Relevant content is an essential element of a learning experience, of course, but learner experience encompasses far more than that.
Looking at learner experience, rather than focusing solely on content, centers the process on the learner. Each learner enters a learning or training experience with a different combination of prior knowledge, interest in and need for the content, ability, and openness to learning.
Each learner brings that background to their encounter with content, the user interface, the learning environment, and, potentially, interactions with classmates or colleagues and an instructor. The learner experience, or LX, combines all of those elements to characterize the learner’s engagement with the training, progress through the material, mastery of content and, ultimately, retention of the content.
A sub-field of instructional and eLearning design is learning experience design — the creation of learning experiences that are engaging and meaningful and that enable learners to achieve their learning goals and meet learning objectives.
The learner’s journey begins when the learner or their manager becomes aware of a need — there’s a gap in their knowledge or their performance is off or they need to learn a new skill or master a new tool or technology.
The journey continues when the learner or manager identifies a learning solution — an eLearning course, microlearning app, instructor-led in-person or virtual class or workshop — or another resource that will help fill that knowledge gap.
The learner’s experience of consuming that resource and interacting with experts, instructors, and fellow learners, as well as internally processing the material, is part of the LX. But the LX continues after formal completion of the training material — it also figures into the learner’s ability to use and apply newly learned skills or information.
In keeping with the learner focus, a positive LX is deeper and broader than content alone. The content must be relevant and have purpose or value to the learner. And, ideally, the content is adaptive. That means that each learner is exposed to the content that is most relevant to them and most likely to advance them toward their goals. This is a stark contrast to learning curricula that deliver identical content to all learners, regardless of their prior knowledge or experience — or their needs and individual context.
For this reason, a great LX begins with the medium or media in which content is delivered and how learners consume it. Creating dynamic video stories for learners who spend their days on a busy retail floor or driving a semitrailer is unlikely to create a great LX; they have to interrupt their work to find a place where they can safely watch it. Making content available on demand and on learners’ preferred mobile devices, while offering a choice of media formats is conducive to a positive LX.
Beyond content and delivery, LX involves the look and feel of a learning program and how the learner interacts with it. In this respect, LX design intersects with user interface design and visual design. A flashy, expensively designed graphical interface that has learners wondering how to navigate to the next screen or has them scrolling endlessly through text on their smartphones won’t win any LX kudos. Instead, consider the learners’ comfort with technology, and design a simple interface and navigation paradigm that will feel familiar and intuitive. Use graphical elements and interactivities that enhance the content and deepen learning, rather than decorative graphics.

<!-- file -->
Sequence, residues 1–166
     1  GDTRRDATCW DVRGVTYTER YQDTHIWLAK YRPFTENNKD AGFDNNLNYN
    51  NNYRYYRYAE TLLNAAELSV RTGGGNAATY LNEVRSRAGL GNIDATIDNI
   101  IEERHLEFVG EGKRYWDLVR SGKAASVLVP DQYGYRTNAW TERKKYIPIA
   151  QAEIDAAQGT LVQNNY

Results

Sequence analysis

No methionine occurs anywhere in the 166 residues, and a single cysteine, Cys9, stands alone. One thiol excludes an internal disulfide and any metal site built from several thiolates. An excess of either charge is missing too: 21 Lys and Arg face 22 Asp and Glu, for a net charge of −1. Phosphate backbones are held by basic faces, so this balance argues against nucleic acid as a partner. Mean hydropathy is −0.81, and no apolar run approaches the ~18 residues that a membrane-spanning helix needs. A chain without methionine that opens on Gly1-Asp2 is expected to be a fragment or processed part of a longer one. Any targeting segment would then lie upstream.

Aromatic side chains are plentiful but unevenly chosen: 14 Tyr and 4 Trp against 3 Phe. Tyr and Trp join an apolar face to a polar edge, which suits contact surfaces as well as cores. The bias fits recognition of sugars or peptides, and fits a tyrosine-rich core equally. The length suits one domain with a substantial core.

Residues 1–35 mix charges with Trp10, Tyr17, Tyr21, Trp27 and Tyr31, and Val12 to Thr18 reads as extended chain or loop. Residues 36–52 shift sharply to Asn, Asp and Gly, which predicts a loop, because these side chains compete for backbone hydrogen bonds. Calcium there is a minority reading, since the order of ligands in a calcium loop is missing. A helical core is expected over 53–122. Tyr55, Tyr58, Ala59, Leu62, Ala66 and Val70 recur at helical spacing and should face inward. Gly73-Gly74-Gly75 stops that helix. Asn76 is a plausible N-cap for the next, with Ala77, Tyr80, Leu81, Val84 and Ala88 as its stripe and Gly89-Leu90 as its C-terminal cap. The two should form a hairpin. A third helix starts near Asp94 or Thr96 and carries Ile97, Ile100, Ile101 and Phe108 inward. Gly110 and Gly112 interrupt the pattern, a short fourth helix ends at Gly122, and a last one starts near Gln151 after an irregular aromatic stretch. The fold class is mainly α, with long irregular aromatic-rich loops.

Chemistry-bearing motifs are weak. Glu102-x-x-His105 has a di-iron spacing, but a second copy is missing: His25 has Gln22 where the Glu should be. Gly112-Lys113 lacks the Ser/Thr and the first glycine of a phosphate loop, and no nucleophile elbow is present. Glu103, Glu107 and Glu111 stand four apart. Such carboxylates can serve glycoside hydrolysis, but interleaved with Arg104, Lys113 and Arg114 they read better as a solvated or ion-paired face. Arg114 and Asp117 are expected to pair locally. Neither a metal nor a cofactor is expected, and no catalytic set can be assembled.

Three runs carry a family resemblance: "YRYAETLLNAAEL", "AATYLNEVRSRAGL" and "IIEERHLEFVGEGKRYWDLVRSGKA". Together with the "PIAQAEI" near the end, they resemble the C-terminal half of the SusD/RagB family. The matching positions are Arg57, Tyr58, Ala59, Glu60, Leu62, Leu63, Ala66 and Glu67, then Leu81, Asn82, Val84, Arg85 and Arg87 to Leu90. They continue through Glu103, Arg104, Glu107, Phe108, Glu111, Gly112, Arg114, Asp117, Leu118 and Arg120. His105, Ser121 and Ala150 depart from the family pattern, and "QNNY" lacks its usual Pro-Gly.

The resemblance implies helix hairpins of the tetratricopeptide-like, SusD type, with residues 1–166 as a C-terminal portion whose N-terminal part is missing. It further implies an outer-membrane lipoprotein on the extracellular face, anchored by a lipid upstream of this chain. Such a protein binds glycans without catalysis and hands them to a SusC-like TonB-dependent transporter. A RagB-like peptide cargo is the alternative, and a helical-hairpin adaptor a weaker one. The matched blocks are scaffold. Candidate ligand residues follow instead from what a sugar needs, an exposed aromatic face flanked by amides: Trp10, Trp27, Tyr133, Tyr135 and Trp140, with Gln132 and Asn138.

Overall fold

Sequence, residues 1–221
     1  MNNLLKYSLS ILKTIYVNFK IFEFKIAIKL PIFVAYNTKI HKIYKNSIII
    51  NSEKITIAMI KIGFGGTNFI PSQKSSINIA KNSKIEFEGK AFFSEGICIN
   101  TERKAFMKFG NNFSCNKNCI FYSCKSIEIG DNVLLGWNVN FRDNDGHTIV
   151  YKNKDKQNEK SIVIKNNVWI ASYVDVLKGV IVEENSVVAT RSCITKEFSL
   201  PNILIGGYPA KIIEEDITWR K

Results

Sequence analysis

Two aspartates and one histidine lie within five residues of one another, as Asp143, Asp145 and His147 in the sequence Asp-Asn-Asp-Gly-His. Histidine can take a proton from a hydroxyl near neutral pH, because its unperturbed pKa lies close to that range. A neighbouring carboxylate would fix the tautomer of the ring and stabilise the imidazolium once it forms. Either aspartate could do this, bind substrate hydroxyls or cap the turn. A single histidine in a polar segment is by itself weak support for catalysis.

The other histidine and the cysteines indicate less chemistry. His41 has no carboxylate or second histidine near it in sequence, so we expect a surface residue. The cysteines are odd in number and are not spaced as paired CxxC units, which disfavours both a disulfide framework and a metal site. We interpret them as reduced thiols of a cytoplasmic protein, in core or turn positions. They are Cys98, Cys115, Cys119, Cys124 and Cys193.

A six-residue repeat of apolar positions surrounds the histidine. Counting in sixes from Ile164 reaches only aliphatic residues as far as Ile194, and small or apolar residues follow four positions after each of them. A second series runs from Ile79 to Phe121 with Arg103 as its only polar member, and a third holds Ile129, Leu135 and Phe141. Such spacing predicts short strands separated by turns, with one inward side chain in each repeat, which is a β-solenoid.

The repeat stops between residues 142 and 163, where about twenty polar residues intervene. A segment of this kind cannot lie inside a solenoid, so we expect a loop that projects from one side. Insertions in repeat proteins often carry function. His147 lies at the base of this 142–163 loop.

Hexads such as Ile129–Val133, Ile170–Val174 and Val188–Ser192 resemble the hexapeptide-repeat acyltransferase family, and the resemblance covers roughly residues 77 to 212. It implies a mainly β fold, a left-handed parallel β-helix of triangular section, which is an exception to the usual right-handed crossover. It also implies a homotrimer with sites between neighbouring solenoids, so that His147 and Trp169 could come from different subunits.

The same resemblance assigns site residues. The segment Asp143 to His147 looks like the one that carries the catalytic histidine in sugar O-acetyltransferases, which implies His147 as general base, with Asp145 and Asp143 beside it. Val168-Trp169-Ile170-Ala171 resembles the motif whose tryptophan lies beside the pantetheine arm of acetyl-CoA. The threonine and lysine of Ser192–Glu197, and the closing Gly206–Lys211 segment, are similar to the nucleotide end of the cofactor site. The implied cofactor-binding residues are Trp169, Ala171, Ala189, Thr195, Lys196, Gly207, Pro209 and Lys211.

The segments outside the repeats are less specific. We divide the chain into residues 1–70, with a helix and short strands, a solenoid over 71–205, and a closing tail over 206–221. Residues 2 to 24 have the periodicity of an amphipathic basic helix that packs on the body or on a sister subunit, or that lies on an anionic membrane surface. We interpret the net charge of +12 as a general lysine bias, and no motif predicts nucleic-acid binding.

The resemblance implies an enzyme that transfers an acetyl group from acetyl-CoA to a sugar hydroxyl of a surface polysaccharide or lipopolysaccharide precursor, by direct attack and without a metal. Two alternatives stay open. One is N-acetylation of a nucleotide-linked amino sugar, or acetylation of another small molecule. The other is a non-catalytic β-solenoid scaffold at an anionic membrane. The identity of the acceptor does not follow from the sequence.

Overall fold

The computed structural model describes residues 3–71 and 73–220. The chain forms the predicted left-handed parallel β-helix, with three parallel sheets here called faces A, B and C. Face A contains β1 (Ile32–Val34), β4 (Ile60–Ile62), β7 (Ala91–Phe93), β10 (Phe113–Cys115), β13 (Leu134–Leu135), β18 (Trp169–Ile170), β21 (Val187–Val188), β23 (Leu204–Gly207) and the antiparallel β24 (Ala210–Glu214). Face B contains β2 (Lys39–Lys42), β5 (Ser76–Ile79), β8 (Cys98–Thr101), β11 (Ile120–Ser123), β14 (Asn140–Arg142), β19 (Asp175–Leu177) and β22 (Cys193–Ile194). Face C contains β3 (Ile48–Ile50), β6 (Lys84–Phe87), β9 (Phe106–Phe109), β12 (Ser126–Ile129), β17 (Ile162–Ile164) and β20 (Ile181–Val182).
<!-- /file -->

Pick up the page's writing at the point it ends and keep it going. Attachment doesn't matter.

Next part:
A positive learner experience engages the learner with relevant content in a way that the learner finds useful, appealing, and easy to use.
It does not overload the learner by marching them through too much information or forcing them to figure out how to find the next section. It doesn’t demand that they schedule a large block of time or struggle to find a time and place to train.
A great LX delivers content in small, digestible chunks and offers repeated exposure through spaced repetition. This enhances the effectiveness of the training while maintaining engagement with varied content and activities.
Above all, a great learner experience answers a question or meets a need — and allows learners to immediately use what they’ve learned on the job.
A great learner experience effectively solves the learner’s immediate needs — and motivates them to want to continue learning and improving.
Simple games layered on top of content
Scenario-based games that use the content
Fan excessive competition among employees or teams by offering large prizes for top performers and/or shaming those with lower scores
Challenge employees to beat their own past performance, or design a leaderboard that shows each employee only the four scorers above and below them
Points, rewards, badges
Award points or levels for completing sections of training or playing for a set number of minutes
Award levels, badges or points for recalling or applying content correctly, demonstrating mastery
Information overload in training has real impact on your team! Reduce cognitive load by following these training content tips, and enjoy improved team performance.
Ensuring that all learners, no matter their background, ability, or tech experience, have accessible online training is the first step to improved training outcomes.